Pop Tips to Improve Your Website’s Copy

Yes the rumours are true, I used to think a copywriter was someone who wrote legislation and trademarks…. To my relief, I was mistaken.

Copy refers to written content that helps increase your brand. In this case, we’re referring to the copy on your website. It is often overlooked how important it is to a site and how much of an impression it can leave on readers (both good and bad, depending on the content…)

Here are some top tips we’ve come up with to improve the copy on your site to start increasing your conversions:

Positioning your copy

Not only is the wording of your copy important, but the positioning of it too. Your page should read like a sort of story, and it should make sense. It’s like if you were reading and the chapters are all muddled up, you wouldn’t want to carry on reading.

I have found that wireframing copy has been incredibly useful. This takes a little time to do, but it is so worth it. 

https://wireframe.cc/ is easy to use and it’s free, the designers find it especially useful when I’ve done the copy for a site and I send over where I think each section should go. 

Use specific stats 

It’s important to back up your claims with evidence. Generally if there is a generic and cliched statement, users will assume you are lying. 

If you know you have a fast delivery service, you could write:

However, users are more likely to believe something like:

Using specific statistics will help improve your trustability and also reflects how good your business truly is!

Make a list of value propositions

A value proposition is what the user is promised if they buy/use your service. They need a reason to buy – what’s in it for them? It’s useful to ask yourself: what do we need to tell the user to make them go from a searcher to a buyer?

It’s good to make a claim about your product, but you have to prove it. Nobody likes generic statements about a product. Imagine all the users reading your site are singing the Shania Twain song ‘That Don’t Impress Me Much’. 

You need to think about what makes your company unique. Why should people buy/use your service over your competitors? Then… you need to project that to the world.  

Remove any unnecessary waffle

Everyone is busy, and our attention spans are down to an average of about 12 seconds. You want to make sure you get everything you want to across (and as quickly as possible). Concise and compelling copy is much more appealing than paragraphs of drivel. Tying this in with your value propositions is a good starting point. Make a list of 5 things that make your company unique/are a benefit to customers, and go from there.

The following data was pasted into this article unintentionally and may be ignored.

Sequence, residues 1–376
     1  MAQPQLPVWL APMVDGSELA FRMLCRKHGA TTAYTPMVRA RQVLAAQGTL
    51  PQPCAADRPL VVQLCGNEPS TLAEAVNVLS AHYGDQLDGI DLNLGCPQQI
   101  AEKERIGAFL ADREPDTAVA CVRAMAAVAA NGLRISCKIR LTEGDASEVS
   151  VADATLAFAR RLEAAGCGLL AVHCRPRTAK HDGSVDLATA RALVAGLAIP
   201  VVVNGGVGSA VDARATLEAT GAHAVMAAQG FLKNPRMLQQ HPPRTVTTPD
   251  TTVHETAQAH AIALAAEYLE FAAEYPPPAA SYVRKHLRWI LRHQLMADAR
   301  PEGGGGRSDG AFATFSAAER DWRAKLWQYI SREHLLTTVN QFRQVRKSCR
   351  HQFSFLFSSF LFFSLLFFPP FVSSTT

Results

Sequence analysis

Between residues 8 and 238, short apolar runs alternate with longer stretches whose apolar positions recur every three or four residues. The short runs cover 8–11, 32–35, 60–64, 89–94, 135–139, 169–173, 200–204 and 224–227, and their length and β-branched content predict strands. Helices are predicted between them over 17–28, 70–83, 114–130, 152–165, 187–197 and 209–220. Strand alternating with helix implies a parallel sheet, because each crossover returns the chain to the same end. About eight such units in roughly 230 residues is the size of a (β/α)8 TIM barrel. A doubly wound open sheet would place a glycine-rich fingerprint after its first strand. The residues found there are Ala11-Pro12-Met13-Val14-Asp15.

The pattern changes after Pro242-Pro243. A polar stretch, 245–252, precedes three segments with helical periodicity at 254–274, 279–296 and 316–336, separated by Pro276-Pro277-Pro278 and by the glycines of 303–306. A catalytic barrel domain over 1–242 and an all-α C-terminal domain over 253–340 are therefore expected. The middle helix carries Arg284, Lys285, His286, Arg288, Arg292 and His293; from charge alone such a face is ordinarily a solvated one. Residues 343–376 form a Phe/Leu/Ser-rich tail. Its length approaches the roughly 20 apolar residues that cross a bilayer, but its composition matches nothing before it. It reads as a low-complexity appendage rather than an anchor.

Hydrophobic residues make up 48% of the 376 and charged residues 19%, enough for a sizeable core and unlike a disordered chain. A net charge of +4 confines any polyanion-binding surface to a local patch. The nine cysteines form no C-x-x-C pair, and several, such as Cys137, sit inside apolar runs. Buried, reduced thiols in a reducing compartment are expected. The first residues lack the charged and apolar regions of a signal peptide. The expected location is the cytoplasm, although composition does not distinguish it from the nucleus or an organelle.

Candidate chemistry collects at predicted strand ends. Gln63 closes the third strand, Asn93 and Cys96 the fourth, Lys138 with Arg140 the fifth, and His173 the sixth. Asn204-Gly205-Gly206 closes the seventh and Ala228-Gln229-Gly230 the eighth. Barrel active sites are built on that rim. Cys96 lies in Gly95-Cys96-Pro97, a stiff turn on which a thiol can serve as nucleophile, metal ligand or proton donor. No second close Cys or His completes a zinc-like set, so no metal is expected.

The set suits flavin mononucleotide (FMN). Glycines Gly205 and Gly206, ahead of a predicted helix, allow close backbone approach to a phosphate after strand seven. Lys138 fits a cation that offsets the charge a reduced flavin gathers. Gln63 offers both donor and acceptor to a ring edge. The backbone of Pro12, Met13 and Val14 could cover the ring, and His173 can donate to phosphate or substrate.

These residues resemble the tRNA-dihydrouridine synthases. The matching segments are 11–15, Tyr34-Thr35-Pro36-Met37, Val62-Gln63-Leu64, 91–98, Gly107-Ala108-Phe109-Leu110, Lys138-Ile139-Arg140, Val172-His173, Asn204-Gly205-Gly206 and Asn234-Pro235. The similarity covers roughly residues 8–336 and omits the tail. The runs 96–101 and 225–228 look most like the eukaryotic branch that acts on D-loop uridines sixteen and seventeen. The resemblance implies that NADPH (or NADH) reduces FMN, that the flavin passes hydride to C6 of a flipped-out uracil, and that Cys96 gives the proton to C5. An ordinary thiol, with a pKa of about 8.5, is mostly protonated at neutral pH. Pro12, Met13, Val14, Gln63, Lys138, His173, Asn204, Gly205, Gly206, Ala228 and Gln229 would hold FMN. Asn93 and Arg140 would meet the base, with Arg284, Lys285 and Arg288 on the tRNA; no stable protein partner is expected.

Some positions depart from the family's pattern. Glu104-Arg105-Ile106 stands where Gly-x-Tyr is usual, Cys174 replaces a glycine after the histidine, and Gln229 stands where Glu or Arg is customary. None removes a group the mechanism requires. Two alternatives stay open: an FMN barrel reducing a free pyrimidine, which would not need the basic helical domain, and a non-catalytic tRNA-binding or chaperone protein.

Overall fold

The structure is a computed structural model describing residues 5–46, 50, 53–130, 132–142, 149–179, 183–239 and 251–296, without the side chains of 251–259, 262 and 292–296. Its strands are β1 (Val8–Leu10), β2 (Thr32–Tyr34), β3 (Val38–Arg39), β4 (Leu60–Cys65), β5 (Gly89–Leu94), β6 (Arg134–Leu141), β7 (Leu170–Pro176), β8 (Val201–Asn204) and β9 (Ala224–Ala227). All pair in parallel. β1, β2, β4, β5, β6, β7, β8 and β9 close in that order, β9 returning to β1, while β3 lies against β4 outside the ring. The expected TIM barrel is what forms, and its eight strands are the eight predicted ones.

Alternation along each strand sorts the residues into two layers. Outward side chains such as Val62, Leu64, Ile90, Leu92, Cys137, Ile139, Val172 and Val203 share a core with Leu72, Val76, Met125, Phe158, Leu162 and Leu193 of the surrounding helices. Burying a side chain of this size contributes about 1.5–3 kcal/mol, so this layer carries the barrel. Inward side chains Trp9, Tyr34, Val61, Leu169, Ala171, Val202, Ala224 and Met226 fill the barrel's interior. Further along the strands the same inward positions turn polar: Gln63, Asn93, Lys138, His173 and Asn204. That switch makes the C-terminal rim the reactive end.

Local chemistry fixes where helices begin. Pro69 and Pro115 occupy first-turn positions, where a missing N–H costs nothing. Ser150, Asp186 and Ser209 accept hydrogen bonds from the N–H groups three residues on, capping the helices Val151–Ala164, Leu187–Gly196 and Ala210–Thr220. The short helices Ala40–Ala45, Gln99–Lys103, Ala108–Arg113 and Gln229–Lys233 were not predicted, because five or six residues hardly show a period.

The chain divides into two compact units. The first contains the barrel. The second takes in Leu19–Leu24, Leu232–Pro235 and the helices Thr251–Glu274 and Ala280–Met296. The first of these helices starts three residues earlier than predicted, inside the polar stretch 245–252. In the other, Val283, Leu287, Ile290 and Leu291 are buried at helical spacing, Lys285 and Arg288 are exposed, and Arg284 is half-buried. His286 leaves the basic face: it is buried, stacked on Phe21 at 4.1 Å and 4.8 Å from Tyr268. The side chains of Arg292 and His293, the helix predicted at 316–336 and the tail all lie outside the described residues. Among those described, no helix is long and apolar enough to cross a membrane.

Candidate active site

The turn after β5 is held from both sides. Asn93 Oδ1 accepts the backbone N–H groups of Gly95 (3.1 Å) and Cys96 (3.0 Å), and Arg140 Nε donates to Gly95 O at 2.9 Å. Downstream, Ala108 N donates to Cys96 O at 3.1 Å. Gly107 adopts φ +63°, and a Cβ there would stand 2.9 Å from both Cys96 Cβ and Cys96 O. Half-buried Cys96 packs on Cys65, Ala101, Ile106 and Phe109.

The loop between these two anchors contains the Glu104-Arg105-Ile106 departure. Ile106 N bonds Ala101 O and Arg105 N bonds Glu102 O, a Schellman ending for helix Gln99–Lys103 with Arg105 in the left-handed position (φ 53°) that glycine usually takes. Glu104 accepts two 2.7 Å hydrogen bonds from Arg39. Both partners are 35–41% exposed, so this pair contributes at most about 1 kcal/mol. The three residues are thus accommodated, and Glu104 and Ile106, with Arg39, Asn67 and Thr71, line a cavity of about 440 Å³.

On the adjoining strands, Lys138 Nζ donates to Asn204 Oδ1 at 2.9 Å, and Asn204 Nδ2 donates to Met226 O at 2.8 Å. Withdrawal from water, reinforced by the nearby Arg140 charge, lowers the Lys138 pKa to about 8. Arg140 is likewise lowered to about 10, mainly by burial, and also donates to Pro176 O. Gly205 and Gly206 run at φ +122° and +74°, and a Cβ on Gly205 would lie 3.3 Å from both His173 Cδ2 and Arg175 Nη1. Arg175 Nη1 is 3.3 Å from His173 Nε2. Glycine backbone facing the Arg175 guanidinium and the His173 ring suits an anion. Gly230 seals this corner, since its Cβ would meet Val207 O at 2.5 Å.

Look at your testimonials

Sometimes the perfect wording comes right from the horse’s mouth… or their fingers in this case? Often, past customers can sum something up perfectly. You’ll find out what your target audience cares about the most when it comes to your product. This is also a great way to find out the reason why customers came to you in the first place and shows real life experiences with your product, and maybe even some benefits you wouldn’t have thought of.

It’s also a good idea to check out some of your competitors’ reviews and find out what customers say is a negative of theirs, and try to focus on how your company doesn’t do those things.

For example, if the general consensus of a hoover is that it doesn’t work too well on dog hair but you know yours does, you want to hone in on the fact that yours excels at that.


Copywriting is a key component to any website. If you want someone to help rewrite your content to better portray your business and its value, get in touch with us today.

5 Steps to Improve Your Live Chats for UX

Live chats are an excellent resource to help you assist users almost instantly. They also provide an avenue to direct them to the end goal of your site, making conversions more likely.

For one of our clients, we focused on improving their Live Chat feature in order to improve their UX (user experience). We did this in 5 main ways:

 

We added a face to the name

Changing the avatars from robots to human faces helped add more of a personal touch to the chat. Users are more likely to feel comfortable talking to someone they can see that looks friendly and welcoming, as is the same with most customer service.

 

Set up a greeting that pops up after 10 seconds on the page

We have all experienced entering a shop and a staff member asking us if we are okay the second we walk through the door. You feel like you haven’t had time to have a look around to have any questions to ask! 

This is why we set this greeting to come up after 10 seconds. This way, it isn’t in the face of users who aren’t interested who would instantly click away. Those interested will have had time to process what they are looking for and know if they need the help. This greeting offered a quicker route for the user to get the answers to the questions they needed and also offered a reminder in case they missed the fact there was a live chat option.

Added clear CTA’s

These allowed users two clear options; to either start a chat or go straight through to booking. This meant there was another route straight to the booking form which would ultimately increase the likelihood for conversions.

 

Styled the live chat to match branding and avoid collisions with mobile elements